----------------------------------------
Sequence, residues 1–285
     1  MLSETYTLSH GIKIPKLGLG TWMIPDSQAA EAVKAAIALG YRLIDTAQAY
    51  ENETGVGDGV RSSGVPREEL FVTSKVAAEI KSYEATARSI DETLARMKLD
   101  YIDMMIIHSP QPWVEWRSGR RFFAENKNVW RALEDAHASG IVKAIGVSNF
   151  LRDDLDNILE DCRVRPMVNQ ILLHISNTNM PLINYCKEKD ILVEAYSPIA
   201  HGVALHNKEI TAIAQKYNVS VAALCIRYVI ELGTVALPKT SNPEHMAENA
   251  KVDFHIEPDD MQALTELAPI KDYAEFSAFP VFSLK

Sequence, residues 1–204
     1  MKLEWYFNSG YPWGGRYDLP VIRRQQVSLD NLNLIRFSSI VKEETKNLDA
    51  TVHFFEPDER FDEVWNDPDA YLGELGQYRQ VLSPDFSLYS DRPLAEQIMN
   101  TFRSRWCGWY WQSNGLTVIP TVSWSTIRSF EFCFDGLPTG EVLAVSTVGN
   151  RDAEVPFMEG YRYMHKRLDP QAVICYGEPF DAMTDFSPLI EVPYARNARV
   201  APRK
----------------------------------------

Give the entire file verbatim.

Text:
Sequence, residues 1–285
     1  MLSETYTLSH GIKIPKLGLG TWMIPDSQAA EAVKAAIALG YRLIDTAQAY
    51  ENETGVGDGV RSSGVPREEL FVTSKVAAEI KSYEATARSI DETLARMKLD
   101  YIDMMIIHSP QPWVEWRSGR RFFAENKNVW RALEDAHASG IVKAIGVSNF
   151  LRDDLDNILE DCRVRPMVNQ ILLHISNTNM PLINYCKEKD ILVEAYSPIA
   201  HGVALHNKEI TAIAQKYNVS VAALCIRYVI ELGTVALPKT SNPEHMAENA
   251  KVDFHIEPDD MQALTELAPI KDYAEFSAFP VFSLK

Sequence, residues 1–204
     1  MKLEWYFNSG YPWGGRYDLP VIRRQQVSLD NLNLIRFSSI VKEETKNLDA
    51  TVHFFEPDER FDEVWNDPDA YLGELGQYRQ VLSPDFSLYS DRPLAEQIMN
   101  TFRSRWCGWY WQSNGLTVIP TVSWSTIRSF EFCFDGLPTG EVLAVSTVGN
   151  RDAEVPFMEG YRYMHKRLDP QAVICYGEPF DAMTDFSPLI EVPYARNARV
   201  APRK